Traditionally, the season of lent starts with Ash Wednesday and ends with the celebration of Easter. Well, for us Christians at least, though many religions have some kind of “fasting season” where people exert moderation.
Some people here in Austria also go through a fasting season during Advent in preparation for Christmas. As a young lad I never really thought much of it and didn’t fast – after all, there were always way too many home-made cookies and delicacies during that time to feast on.
For those who want the TL/DR: This blog will go into hibernation mode with infrequent updates in the future for “whenever I feel like I have something to say”.
It’s been six years. Six years of putting out whisky related content on this blog on a more or less regular basis. Six years which has seen me undertake lots of superb trips to Scotland, make lots of new friends and enjoy some incredible whisky. I’ve been blessed to experience all of this and I’m thankful to each and every one I’ve met and shared a dram with along the way.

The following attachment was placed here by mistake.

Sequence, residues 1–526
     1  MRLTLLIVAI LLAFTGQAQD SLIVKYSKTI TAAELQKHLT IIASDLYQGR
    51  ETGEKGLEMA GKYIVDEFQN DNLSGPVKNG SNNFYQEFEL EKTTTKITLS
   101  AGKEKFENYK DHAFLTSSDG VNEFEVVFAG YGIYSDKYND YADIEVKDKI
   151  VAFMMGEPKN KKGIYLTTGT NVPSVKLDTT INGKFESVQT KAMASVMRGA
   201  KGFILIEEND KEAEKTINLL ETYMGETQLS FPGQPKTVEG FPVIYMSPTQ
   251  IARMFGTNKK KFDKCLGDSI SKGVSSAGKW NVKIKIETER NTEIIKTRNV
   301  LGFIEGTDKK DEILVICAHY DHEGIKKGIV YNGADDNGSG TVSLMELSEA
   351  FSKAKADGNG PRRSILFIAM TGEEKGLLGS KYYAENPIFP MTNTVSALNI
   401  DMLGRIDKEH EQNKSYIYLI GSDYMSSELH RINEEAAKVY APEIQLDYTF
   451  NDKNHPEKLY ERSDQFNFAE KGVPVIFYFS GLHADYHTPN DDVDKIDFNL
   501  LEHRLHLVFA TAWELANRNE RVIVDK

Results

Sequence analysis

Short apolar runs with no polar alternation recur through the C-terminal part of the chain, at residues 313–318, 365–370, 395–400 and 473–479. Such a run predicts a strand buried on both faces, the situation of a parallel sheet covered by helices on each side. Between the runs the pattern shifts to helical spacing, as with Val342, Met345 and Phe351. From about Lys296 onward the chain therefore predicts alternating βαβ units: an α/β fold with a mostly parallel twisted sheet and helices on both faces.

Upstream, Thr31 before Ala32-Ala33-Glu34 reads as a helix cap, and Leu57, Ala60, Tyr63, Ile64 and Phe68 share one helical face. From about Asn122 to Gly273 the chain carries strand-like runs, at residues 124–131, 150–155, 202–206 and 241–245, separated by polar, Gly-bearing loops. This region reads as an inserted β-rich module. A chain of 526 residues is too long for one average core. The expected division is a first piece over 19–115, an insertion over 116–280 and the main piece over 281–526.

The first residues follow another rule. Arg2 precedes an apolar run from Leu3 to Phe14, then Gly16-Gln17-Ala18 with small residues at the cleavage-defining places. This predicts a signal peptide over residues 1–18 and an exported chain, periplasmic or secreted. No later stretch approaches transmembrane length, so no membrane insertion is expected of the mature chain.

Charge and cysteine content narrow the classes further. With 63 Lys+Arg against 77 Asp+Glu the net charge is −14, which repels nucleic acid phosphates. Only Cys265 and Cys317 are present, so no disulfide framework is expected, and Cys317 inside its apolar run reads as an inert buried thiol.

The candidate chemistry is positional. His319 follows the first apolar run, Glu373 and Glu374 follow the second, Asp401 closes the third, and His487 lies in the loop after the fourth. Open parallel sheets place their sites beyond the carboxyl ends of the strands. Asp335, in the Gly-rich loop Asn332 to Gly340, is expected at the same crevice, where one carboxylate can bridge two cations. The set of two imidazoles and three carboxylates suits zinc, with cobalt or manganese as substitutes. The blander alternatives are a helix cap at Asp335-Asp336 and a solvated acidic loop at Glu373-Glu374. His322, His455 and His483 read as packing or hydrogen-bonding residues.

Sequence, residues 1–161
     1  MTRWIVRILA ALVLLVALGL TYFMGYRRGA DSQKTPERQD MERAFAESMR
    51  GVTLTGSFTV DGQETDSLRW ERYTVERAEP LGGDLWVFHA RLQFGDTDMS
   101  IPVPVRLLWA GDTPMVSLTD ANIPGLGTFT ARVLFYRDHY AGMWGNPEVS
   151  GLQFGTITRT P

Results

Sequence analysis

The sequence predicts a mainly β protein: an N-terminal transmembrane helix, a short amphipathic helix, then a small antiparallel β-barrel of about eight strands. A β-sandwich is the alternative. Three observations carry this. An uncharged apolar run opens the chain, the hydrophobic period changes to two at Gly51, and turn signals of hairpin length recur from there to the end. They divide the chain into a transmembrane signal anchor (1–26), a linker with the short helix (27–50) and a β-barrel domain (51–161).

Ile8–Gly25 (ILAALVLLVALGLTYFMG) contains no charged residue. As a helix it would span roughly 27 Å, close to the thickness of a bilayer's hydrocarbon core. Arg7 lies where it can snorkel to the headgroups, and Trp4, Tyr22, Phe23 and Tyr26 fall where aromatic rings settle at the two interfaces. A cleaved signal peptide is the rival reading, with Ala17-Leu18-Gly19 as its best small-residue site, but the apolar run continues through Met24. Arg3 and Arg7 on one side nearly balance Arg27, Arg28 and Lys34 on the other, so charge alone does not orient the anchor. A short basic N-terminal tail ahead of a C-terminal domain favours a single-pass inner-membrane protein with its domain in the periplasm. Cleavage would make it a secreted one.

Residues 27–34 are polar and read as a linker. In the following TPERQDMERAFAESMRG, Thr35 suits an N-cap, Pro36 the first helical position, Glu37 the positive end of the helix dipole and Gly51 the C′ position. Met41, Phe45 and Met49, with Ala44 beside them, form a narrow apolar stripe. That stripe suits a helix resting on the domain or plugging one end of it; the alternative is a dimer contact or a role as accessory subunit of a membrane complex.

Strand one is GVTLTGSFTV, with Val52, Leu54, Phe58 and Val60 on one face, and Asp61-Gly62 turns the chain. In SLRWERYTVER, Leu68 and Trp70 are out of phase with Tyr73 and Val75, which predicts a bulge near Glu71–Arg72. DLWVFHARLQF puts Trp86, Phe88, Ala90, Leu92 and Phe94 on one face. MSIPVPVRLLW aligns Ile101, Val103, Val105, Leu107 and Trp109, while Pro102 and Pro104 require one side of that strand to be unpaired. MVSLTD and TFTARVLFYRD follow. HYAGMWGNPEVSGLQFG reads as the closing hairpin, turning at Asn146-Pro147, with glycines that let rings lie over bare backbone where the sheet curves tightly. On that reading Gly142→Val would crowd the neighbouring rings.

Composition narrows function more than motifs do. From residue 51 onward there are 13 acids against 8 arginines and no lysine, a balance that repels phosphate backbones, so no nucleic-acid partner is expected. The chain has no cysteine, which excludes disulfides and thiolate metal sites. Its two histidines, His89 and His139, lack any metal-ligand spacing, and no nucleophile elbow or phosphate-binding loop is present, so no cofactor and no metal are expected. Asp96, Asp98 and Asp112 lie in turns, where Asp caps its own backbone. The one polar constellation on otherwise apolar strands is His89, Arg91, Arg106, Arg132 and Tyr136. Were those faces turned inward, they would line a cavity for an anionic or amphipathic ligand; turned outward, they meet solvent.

Imagine ordering two bottles of whisky. The vendor and the postman are doing their thing and the package arrives. You take a knife, open the parcel and… you feel nothing. You should feel excited because in the package there’s the latest edition of the Kilchoman Islay barley series to add to the previous ones. You should also feel excited because there’s a nice cask strength Springbank which many people have a hard time picking up. And yet you feel nothing. You acknowledge the arrival and stash them away.